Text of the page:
Students with special needs to use Grosse Pointe Shores pool for summer program

By: K. Michelle Moran | Grosse Pointe Times | Published July 9, 2019

GROSSE POINTE SHORES — Children, teens and adults with special needs will again be able to use the pool at Osius Park in Grosse Pointe Shores for a portion of their summer program.

The Arc of Grosse Pointe/Harper Woods — a nonprofit that offers programs, support and information to people with intellectual and developmental disabilities — will be using the pool from 1 to 3 p.m. Tuesdays and Thursdays from June 17 to Aug. 16. Shores officials say 10 to 12 youths with special needs will be accompanied by four Arc staffers and volunteers, one of whom is a certified lifeguard. The students will be split into two groups who will alternate pool days.

Shores officials said that Pool Supervisor Kay Drake and the Shores Parks Committee recommended those days and times for the Arc students, because they don’t coincide with Shores swim lessons or swim team practices. The Arc has been using the Osius Park pool since 2016.

City Councilman Matthew Seely confirmed with city and Arc officials that the “total group is less than 20 on a weekly basis.”

“My big concern was if we got into … 35, 40 people,” Seely said. “That’s a pretty big group. If it’s 16 people, that’s not a big group. I don’t have a problem with it.”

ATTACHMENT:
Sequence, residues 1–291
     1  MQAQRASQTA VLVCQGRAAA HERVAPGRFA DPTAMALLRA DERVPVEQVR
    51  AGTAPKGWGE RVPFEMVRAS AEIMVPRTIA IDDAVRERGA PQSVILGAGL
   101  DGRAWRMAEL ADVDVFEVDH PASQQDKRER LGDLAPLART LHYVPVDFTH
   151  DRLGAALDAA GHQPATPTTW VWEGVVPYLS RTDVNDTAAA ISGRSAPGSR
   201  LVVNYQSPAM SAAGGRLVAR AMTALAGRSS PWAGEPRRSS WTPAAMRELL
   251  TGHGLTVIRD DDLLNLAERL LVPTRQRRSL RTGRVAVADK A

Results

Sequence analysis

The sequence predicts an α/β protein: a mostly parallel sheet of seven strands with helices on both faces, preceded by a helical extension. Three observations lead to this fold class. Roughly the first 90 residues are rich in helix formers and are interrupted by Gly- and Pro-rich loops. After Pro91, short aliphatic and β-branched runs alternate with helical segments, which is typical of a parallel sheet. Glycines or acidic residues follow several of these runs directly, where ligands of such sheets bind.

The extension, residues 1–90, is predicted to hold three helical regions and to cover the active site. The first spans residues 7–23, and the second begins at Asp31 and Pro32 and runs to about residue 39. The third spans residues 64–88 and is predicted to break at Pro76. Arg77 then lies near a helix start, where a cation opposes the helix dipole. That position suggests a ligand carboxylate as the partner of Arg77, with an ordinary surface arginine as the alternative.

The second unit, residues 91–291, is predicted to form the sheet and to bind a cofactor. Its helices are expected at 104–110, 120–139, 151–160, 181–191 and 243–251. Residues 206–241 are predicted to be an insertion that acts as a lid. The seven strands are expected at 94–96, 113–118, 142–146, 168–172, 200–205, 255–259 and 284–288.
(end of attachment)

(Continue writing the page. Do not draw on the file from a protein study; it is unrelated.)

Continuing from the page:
Other officials concurred.

“I don’t have a problem with it either,” Mayor Ted Kedzierski said.

The Shores City Council voted unanimously June 18 in favor of allowing the Arc to use the pool and splash pad.

Deborah Moffatt, director of the Arc, said this summer program started decades ago under the auspices of the Foundation for Exceptional Children, which no longer exists. She said the Arc took over the program in 2013. The summer program is headquartered at St. Michael’s Episcopal Church in Grosse Pointe Woods.

“We provide all the activities a typical child would have in a summer program, but with additional support so our children and teens can be successful,” Moffatt explained in a letter to the City Council. “Swimming is a favorite activity and so good for our participants. It provides exercise, helps their coordination, builds their self-confidence and allows them to have fun.”

She said they try to make sure the program has the lowest impact possible on the park.

“Our policy would be that each child would have a (1-1 ratio of child to staff) in the big pool unless they were an independent swimmer and (then) would still stay in the shallow end,” Moffatt wrote. “Many of our younger children prefer the splash pad, and would still be supervised by our staff and volunteers. We would come already dressed for swimming, so as not to overwhelm the dressing area.”

Shores resident Chase Wakefield voiced support for the program before the council vote.

“Them using our pool, I think, is a no-brainer,” he told the council. “That organization becomes a catchall for kids and adults who don’t have a place to go for recreation. I’m hoping we will again allow them to use our pool.”

The Arc pool usage question had been in front of the council in May, but some council members had questions about the program and were concerned that the pool might be overwhelmed by a large group of students.

Moffatt said many Shores residents are Arc members or supporters.